Mucormycosis is a rare but often fatal disease caused by certain fungi. It is sometimes called zygomycosis or phycomycosis. Mucormycosis is an opportunistic infection that typically develops in patients with weakened immune systems, diabetes, kidney failure, organ transplants, or chemotherapy for cancer. It may also develop in patients receiving an iron chelating drug called desferrioxamine (Desferal) as treatment for acute iron poisoning.
In the United States, mucormycosis is most likely to develop in the patient's nasal area or in the lungs; however, it may also develop on the skin or in the digestive tract. Gastrointestinal disease usually develops only in severely malnourished patients. Cutaneous mucormycosis is most likely to develop under occlusive surgical dressings. Occlusive dressings are intended to keep air out of incisions or other wounds, but they also trap body heat and moisture.
The incidence of the disease is difficult to evaluate because it is very rare; however, the rate seems to be increasing. One American cancer center reported in 2000 that mucormycosis was found in 0.7% of patients at autopsy and in 20 patients per 100,000 admissions to the center. The most recent mortality statistics from the Centers for Disease Control and Prevention (CDC) indicate that a total of 22 Americans died from mucormycosis in 2001—1 from pulmonary mucormycosis, 5 from rhinocerebral mucormycosis, 2 from disseminated mucormycosis, and 14 from unspecified forms of the disease.
As far as is known, mucormycosis affects members of either sex and all races equally, although the pulmonary form of the disease is somewhat more common in men than in women. Mucormycosis may develop in patients in any age group, including newborns.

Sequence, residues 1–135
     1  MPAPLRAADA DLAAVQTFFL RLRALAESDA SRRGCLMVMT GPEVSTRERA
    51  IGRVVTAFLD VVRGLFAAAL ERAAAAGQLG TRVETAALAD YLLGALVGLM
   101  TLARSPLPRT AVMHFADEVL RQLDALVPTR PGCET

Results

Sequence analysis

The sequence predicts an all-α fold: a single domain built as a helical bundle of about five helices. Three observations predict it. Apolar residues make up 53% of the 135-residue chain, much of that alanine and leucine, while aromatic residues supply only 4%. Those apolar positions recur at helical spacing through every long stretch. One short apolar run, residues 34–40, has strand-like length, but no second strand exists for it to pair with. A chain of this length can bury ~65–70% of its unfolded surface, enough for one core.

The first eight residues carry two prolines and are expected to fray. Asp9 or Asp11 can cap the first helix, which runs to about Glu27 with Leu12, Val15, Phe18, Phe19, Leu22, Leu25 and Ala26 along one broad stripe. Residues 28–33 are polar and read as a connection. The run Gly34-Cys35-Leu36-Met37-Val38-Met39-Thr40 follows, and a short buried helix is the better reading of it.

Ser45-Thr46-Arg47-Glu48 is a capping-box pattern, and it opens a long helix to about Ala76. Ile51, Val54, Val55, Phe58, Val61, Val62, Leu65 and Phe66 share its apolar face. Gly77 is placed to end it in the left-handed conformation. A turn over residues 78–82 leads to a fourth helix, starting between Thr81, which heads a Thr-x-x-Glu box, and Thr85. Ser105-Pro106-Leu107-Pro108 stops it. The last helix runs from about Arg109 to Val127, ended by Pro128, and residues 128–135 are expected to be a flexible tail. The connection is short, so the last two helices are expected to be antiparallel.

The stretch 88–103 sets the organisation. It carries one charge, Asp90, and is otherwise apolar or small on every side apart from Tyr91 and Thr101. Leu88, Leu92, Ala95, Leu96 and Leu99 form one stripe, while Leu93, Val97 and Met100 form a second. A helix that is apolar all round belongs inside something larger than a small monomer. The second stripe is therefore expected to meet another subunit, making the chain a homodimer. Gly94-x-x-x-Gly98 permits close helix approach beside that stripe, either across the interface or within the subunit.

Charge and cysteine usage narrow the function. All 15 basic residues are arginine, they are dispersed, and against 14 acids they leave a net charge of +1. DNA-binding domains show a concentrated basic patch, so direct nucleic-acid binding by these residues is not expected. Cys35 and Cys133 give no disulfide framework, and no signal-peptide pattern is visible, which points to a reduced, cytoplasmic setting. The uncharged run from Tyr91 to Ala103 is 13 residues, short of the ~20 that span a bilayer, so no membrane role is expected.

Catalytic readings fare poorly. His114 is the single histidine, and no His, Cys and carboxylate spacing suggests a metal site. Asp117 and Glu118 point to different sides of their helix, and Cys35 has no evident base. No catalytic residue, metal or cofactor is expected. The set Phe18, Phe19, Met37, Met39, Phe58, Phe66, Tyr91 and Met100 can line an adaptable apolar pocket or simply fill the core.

Rhinocerebral mucormycosis is an infection of the nose, eyes, and brain. The fungus destroys the tissue of the nasal passages, sinuses, or hard palate, producing a black or pus-filled discharge and visible patches of dying tissue. The patient will typically have fever, pain, and forward bulging of the eyes (proptosis). The fungus then invades the tissues around the eye socket and eventually the brain. At that point the patient may have convulsions or paralysis on one side of the body.
Most patients with the pulmonary form of the disease are being treated for leukemia. The fungus enters the patient's lungs, where it eventually invades a major blood vessel, causing the patient to cough up blood or hemorrhage into the lungs.
Gastrointestinal mucormycosis has been reported in premature or low-birth-weight infants as well as malnourished adults. It may lead to intestinal perforation and other complications requiring immediate surgery. A Spanish hospital reported in 2004 on an outbreak of gastrointestinal mucormycosis that affected five patients in an ICU over a 14-week period. Two of the patients died. The outbreak was eventually traced to a supply of wooden tongue depressors that had been contaminated by two species of Rhizopus fungi.
Causes and symptoms
Mucormycosis is caused by fungi of several different species, including Mucor, Rhizopus, Absidia, and Rhizomucor. When these organisms gain access to the mucous membranes of the patient's nose or lungs, they multiply rapidly and invade the nearby blood vessels. The fungi destroy soft tissue and bone, as well as the walls of blood vessels.
The early symptoms of rhinocerebral mucormycosis include fever, sinus pain, headache, and cellulitis. As the fungus reaches the eye tissues, the patient develops dilated pupils, drooping eyelids, a bulging eye, and eventually hemorrhage of the blood vessels in the brain—causing convulsions, partial paralysis, and death.
The symptoms of pulmonary mucormycosis include fever and difficulty breathing, with eventual bleeding from the lungs.